Like other fine particles floating in the air, yeast is all around us. It's a tiny, living organism that we can't see, and there are thousands of different species.

Many different types of yeast live in our environment — they can live inside insects, nectar, rotting fruit, and tree sap, Madden explains.

Do you have to buy yeast from the store?

The short answer is no.

Yeast that one buys from the store is a specific type of yeast, Saccharomyces cerevisiae, which has been grown in a lab and then freeze-dried.

"It is a species that is particularly well-suited for helping us make bread rapidly, but it is not the only yeast species that can do this," Madden says.

One can also catch wild yeast floating in the air and harness its bread-making power. The mixture of flour, water, and salt naturally attracts lactic acid bacteria and acetic acid bacteria microbes. In addition to adding flavor, they keep out unwanted microbes that could cause the starter to rot.

Since the wild yeast gives bread its flavor, the environment in which the starter is made also plays a role in the taste of the sourdough.

What happens after you make a sourdough starter?

Just like a person craving carbs, a sourdough starter is hungry. It needs to be fed in order to keep it around and enable the microbes to keep doing their work.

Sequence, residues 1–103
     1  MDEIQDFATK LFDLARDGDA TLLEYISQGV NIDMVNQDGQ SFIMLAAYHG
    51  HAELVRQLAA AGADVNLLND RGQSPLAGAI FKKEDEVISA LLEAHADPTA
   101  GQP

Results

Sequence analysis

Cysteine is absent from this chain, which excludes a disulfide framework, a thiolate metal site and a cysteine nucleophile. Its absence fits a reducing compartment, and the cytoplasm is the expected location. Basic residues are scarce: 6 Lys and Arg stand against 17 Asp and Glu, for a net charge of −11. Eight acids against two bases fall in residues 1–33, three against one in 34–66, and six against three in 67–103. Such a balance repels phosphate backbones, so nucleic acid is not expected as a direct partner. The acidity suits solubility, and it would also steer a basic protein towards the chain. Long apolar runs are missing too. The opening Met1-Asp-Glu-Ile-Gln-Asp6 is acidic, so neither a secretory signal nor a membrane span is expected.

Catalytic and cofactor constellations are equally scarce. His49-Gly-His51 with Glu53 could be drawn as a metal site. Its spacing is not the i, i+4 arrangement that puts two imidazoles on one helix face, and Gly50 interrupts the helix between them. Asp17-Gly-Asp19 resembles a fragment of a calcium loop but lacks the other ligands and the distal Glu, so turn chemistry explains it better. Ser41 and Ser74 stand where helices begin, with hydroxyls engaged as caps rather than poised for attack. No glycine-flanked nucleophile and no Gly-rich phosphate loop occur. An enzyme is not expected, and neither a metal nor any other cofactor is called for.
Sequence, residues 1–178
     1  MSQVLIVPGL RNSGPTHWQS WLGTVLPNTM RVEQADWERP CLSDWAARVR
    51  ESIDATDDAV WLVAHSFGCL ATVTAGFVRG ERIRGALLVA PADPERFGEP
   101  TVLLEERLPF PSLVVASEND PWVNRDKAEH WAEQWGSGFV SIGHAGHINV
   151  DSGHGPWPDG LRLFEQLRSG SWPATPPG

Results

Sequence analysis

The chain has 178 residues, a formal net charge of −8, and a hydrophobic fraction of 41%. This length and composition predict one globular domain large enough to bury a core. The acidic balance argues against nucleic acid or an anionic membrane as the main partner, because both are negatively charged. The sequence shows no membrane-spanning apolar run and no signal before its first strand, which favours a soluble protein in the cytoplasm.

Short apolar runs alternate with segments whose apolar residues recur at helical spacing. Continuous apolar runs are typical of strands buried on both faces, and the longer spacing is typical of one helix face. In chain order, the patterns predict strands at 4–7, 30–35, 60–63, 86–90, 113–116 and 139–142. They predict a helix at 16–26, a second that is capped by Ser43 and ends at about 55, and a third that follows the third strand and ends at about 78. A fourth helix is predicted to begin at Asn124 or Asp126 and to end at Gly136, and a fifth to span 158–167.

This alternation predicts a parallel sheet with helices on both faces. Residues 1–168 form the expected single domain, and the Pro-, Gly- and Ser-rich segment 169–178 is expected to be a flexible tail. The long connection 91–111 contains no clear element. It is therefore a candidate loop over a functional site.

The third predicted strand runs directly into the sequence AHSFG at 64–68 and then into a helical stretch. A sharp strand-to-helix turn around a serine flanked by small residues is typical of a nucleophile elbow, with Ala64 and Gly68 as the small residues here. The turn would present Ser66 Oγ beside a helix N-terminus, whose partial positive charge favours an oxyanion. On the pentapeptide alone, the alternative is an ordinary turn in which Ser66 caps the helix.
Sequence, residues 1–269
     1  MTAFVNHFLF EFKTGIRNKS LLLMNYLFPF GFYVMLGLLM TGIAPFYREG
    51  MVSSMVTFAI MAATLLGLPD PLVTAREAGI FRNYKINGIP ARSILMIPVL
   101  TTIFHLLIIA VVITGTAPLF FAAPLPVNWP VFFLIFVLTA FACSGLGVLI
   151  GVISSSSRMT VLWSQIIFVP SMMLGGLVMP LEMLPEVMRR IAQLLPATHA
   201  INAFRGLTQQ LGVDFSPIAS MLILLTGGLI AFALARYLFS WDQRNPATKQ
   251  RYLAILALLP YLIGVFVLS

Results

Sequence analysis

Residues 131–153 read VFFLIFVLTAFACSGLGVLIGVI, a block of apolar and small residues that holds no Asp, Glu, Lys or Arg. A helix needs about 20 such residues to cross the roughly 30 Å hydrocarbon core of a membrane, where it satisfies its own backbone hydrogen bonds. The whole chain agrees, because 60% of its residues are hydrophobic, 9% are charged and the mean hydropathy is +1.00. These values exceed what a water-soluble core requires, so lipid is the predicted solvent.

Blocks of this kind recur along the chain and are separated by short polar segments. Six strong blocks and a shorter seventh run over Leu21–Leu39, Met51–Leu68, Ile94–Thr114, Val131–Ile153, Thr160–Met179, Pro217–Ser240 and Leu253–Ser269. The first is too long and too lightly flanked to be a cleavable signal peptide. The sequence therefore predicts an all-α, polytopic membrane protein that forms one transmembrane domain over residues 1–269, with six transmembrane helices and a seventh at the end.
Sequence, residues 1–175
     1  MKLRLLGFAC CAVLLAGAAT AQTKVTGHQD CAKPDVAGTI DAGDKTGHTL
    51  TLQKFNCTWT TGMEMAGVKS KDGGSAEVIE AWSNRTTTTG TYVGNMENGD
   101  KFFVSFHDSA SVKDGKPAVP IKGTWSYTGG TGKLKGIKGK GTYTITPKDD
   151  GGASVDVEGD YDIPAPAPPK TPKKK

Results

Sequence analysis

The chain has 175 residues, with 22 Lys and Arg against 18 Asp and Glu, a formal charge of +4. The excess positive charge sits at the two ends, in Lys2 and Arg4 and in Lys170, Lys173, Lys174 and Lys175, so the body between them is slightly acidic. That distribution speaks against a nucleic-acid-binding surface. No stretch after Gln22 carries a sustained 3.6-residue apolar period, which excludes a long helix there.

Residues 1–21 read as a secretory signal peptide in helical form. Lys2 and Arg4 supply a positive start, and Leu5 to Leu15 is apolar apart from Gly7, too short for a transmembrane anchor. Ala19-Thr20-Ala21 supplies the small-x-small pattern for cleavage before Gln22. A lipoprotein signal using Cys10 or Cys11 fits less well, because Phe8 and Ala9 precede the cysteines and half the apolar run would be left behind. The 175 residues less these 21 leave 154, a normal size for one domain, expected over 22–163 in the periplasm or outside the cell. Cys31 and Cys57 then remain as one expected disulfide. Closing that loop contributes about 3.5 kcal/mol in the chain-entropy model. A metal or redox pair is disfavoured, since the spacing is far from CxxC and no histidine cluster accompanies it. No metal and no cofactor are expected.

To feed a sourdough starter, mix in more flour and water to the base starter. With regular feeding, the sourdough starter can produce great bread a week after its creation. Once one has a starter, making a new one isn't required. Just a part of it to the dough to make bread.

About six to eight hours after its last feeding, mix the bread dough with the starter. Some of the starter will be used to make your bread.

How long does a sourdough starter last?

Like a fine wine, bakers and food scientists say that sourdough gets better with age.

"There is something special about a starter that has been around for years," Wilk explains. "It's much like a family heirloom."

Sim Cass is the dean of techniques of artisan bread baking at the Institute of Culinary Education and a baker at New York City's Balthazar Bakery.

Cass tells Inverse that the sourdough starter at Balthazar Bakery is 40 years old.

The flavor of your sourdough has a lot to do with the microbes that go into it.

Wild Yeast Project

"That starter gets fed about four times per day, which is probably more ambitious than home bakers are willing to get," Cass says. "You can get good results by feeding once a day."

As one slathers butter on their baked goods, the rest of the starter stays in the fridge, waiting. With its tangy flavor and crispy crust, sourdough is as equally delicious as it is an opportunity to play with science at home. The bread's unique sour-ness comes from a chemical reaction — and it all starts with the sourdough's pièce de résistance, the sourdough starter.

It might sound tedious, but a long-term relationship is kind of the point, says Wilk, the baker who's found the age-old tactics of her profession in the spotlight again, as people seek solace in the science of sourdough.